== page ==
Isabelle Faust/Kristian Bezuidenhout review – magisterial, dancing Bach

Wigmore Hall, London
The partnership between Faust’s violin and Bezuidenhout’s modern harpsichord was exhilarating

It took a few pages of Bach’s Sonata No 1 for violin and harpsichord in B minor for Isabelle Faust and Kristian Bezuidenhout to get the balance between their instruments right in this Wigmore Hall recital. Yet once they had done so, with Bezuidenhout’s bright modern harpsichord, a 2010 copy of a French instrument of 1769, reined in and Faust’s violin sound more consistently projected – in itself a fascinating process of in-flight adjustment – this all-Bach evening hit its stride and never lost it for a single moment thereafter.

In each half of the programme, two of Bach’s set of six sonatas for violin and harpsichord bracketed a substantial solo by each player. In Faust’s case, this took the magisterial form of the second solo violin sonata in A minor. This received a reading that managed to be both utterly focused yet full of grandly expressive contrasts, resulting in a sumptuous musical journey from the broadly phrased arcs of the opening grave, through the concentrated fugue and fragile andante to the firm-fingered fleetness of the finale. Bezuidenhout’s solo was more overtly virtuosic, the youthful Toccata in D minor, with its swirling opening flourishes and rapid-fire fugal counterpoint, all compellingly articulated by this most characterful of keyboard personalities.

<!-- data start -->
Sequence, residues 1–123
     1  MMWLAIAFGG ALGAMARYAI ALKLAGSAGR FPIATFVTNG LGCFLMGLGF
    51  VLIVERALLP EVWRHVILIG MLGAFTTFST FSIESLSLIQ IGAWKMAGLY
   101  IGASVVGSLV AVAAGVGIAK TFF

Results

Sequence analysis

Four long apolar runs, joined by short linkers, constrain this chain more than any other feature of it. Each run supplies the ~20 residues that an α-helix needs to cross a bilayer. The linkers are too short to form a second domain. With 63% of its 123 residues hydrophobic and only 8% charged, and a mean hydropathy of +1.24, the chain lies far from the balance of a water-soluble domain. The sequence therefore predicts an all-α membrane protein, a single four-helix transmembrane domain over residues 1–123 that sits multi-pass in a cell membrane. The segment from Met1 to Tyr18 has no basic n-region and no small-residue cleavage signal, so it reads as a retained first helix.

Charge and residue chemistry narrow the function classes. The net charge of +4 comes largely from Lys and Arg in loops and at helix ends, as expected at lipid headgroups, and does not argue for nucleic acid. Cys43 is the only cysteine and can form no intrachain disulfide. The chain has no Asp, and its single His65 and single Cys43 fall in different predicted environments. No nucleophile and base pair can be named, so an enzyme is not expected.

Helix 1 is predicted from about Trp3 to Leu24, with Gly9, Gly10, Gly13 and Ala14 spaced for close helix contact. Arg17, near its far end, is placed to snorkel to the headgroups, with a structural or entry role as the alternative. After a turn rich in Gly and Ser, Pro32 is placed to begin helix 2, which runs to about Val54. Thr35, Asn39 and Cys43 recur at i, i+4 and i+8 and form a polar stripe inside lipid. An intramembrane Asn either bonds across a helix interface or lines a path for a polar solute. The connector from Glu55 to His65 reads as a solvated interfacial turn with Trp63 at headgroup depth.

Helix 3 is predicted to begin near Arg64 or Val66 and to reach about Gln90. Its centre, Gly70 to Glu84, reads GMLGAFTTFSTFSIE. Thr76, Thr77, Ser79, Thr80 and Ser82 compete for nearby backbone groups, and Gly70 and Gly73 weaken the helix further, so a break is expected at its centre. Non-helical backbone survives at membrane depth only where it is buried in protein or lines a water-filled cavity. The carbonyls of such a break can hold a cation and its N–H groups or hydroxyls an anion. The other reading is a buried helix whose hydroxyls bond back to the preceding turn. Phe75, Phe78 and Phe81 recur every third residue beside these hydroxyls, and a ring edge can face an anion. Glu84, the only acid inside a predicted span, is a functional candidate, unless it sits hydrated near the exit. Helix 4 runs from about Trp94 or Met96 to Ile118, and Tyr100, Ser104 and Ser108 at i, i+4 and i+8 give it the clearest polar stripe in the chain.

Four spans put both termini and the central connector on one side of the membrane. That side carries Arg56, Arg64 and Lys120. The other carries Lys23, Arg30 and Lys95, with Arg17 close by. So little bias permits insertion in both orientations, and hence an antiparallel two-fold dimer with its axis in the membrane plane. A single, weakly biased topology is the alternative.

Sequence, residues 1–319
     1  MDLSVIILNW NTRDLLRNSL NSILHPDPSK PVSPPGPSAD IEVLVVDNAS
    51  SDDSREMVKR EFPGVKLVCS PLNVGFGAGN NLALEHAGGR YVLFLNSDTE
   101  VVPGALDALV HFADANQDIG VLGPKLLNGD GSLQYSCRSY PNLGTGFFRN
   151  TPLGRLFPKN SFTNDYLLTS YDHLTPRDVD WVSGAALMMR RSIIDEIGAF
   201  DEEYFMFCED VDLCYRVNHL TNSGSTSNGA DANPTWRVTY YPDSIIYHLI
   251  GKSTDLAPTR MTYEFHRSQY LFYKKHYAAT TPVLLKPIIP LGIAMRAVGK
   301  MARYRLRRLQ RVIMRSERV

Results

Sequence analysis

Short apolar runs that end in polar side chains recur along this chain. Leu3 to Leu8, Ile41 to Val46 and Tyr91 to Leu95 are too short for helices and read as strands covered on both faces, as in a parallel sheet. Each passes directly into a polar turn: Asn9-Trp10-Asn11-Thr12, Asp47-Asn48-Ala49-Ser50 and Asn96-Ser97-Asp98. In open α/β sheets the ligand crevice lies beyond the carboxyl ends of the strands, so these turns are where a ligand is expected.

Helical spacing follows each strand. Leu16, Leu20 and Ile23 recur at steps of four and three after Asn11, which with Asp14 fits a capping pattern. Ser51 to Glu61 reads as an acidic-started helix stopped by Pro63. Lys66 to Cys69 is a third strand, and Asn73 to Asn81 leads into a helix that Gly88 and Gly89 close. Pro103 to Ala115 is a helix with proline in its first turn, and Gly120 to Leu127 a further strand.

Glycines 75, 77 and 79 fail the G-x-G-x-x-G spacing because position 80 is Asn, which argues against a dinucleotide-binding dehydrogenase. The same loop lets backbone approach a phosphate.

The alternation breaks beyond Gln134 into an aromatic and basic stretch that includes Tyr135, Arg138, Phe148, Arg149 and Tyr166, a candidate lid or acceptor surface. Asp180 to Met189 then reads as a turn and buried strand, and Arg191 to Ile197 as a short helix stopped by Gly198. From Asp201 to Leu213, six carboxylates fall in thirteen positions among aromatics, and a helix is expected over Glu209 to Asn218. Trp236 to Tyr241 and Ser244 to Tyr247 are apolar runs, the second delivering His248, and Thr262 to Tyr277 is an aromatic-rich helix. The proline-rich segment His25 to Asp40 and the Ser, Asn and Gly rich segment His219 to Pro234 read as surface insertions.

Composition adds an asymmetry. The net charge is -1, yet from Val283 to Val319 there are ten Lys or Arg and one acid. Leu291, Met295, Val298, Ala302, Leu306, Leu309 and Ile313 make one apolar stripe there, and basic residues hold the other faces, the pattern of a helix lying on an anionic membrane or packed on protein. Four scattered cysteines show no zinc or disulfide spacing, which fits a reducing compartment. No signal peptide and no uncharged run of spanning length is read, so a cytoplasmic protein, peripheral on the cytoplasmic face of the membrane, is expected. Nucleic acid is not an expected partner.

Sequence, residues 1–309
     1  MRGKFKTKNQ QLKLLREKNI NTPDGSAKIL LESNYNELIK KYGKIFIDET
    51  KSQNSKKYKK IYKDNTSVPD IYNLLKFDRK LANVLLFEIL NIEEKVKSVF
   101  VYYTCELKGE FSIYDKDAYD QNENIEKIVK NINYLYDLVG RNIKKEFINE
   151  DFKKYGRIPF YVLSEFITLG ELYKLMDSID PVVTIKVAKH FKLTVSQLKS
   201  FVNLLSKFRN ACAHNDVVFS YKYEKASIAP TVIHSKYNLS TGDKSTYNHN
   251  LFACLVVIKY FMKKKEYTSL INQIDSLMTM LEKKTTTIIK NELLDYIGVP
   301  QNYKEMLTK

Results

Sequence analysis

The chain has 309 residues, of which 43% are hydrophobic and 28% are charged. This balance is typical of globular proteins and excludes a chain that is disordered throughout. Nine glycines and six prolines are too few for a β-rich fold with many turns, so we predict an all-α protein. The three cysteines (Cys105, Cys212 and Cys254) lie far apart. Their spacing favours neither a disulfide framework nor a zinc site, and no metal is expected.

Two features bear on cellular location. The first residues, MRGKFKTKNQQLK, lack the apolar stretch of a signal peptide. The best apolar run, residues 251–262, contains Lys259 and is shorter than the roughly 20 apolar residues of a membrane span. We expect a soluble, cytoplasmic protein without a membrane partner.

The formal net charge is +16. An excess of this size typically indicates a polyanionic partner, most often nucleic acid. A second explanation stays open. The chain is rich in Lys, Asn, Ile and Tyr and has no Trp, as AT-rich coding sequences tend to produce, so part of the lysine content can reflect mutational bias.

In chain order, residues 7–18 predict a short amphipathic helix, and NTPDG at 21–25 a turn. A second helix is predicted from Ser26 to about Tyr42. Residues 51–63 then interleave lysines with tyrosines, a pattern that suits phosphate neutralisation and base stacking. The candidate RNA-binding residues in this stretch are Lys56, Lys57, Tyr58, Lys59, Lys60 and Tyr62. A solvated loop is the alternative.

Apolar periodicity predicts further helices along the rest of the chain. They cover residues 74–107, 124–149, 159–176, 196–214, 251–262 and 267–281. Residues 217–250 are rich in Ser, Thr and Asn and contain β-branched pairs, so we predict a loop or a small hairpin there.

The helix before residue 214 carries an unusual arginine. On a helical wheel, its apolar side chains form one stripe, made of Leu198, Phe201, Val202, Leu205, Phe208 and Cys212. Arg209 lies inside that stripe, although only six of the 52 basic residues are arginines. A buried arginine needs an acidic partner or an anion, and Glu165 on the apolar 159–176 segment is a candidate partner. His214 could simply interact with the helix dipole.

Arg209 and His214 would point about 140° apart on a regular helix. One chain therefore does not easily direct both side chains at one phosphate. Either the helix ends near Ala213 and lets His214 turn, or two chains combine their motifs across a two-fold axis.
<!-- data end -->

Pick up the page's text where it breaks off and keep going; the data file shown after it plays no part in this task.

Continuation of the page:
But this was very much an evening for the interplay of two musicians in the four duo sonatas, not a collection of solos. Somehow it helped rather than hindered that the two players have such apparently different musical personalities, with Bezuidenhout’s exuberance weaving itself into the luminous intensity of Faust’s sound and generating an exhilarating creative spontaneity between the two. The singing lines of the mellow third sonata in E were especially finely achieved, but the panache and lightness of the sixth sonata in G, in which the harpsichord has a fully formed and extended solo, was a constant reminder that dance is never far away in a set of Bach sonatas that require precisely the partnership of equals that these players provided.


Martin Kettle

The GuardianTramp

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